The Impact of Interpreters on Parents' Experiences with Ambulatory Care for Their Children

The current investigation focused on individuals seeking health care who had limited English proficiency (LEP). The study sample of 26,671 respondents was taken from the Consumer Assessment of Health Plans Survey (CAHPS). Surveys were completed via mail or telephone. Investigators examined whether LEP patients had access to interpreters, what role access to interpreters played in patients' reports of care and if racial and ethnic disparities in health care were reduced with access to interpreters.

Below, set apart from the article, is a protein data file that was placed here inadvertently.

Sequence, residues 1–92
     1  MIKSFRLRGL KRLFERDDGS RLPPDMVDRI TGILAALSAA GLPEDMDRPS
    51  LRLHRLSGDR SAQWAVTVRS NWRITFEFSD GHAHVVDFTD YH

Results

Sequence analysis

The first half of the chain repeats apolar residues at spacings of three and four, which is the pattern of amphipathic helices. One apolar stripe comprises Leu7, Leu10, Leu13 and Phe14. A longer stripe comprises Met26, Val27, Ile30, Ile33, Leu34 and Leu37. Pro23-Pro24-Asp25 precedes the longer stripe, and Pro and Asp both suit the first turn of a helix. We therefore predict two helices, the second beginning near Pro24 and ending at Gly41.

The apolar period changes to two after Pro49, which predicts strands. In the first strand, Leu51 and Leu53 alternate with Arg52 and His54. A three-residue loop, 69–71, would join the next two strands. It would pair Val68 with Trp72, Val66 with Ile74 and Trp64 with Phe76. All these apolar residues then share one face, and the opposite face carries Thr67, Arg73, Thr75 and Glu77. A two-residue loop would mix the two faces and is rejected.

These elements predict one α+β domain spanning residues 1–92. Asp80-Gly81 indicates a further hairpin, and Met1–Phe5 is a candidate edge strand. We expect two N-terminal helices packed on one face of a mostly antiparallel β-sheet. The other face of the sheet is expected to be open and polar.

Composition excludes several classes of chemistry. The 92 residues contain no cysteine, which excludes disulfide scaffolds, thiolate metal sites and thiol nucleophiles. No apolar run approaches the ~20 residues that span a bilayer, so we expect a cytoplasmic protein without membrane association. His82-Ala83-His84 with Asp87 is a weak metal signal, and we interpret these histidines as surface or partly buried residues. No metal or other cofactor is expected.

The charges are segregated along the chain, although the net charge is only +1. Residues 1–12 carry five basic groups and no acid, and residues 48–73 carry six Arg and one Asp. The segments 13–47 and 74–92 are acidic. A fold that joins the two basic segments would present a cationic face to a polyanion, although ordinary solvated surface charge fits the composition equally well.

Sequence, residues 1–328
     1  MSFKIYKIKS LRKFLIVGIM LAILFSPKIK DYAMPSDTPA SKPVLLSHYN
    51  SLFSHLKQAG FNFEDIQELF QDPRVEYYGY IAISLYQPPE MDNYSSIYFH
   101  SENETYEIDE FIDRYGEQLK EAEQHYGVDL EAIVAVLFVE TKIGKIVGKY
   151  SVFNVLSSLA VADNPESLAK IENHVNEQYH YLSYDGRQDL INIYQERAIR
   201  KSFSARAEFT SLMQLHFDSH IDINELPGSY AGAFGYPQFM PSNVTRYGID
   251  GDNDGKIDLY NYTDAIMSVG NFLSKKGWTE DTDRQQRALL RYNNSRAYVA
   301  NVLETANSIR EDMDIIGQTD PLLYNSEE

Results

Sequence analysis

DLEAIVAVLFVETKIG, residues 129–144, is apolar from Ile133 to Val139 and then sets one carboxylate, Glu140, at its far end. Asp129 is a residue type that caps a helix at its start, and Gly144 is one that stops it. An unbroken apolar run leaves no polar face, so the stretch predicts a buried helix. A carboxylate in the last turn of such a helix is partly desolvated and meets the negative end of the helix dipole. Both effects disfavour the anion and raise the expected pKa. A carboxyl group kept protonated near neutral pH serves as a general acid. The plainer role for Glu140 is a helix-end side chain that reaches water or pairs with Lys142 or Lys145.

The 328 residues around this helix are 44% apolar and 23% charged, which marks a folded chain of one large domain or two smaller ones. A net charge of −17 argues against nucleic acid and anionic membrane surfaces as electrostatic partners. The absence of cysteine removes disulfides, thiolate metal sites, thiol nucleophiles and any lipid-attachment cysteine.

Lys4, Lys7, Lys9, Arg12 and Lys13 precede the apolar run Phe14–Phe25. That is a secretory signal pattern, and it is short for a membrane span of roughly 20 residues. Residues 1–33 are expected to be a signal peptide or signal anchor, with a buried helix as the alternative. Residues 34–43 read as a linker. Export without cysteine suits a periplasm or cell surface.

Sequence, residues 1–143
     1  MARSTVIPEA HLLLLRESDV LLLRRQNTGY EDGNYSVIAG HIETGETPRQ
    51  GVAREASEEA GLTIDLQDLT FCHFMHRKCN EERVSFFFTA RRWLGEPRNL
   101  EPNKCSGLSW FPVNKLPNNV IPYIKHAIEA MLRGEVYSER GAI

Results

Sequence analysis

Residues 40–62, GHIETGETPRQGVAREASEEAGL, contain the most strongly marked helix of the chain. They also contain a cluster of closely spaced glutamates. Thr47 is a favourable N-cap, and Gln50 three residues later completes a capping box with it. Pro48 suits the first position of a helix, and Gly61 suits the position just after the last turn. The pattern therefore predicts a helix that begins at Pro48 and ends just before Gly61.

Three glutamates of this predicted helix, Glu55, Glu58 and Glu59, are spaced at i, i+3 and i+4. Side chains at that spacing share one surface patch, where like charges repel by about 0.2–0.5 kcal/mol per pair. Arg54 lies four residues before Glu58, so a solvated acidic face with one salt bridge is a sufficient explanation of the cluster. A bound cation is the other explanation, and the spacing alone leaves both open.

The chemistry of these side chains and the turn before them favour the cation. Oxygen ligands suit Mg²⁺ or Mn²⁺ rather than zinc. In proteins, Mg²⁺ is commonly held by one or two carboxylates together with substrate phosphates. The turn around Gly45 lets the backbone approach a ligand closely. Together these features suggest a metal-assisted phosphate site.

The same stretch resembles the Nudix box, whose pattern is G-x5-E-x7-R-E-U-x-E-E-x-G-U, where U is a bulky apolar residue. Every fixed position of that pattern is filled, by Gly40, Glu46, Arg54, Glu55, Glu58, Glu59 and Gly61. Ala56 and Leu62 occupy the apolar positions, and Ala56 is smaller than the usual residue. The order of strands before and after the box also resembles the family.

Key Findings:

  • Fifteen percent of respondents needed an interpreter in the six months prior to survey completion.
  • Hispanic and Asian/Pacific Islander health plan members who needed an interpreter but never or sometimes had one, had the lowest mean scores in communication with their provider and office staff, access to care and health plan customer service.
  • Provision of interpreters to Hispanics and Asian/Pacific Islanders who needed them reduced disparities, as compared to whites, in reported patient care up to 28 percent and 21 percent, respectively.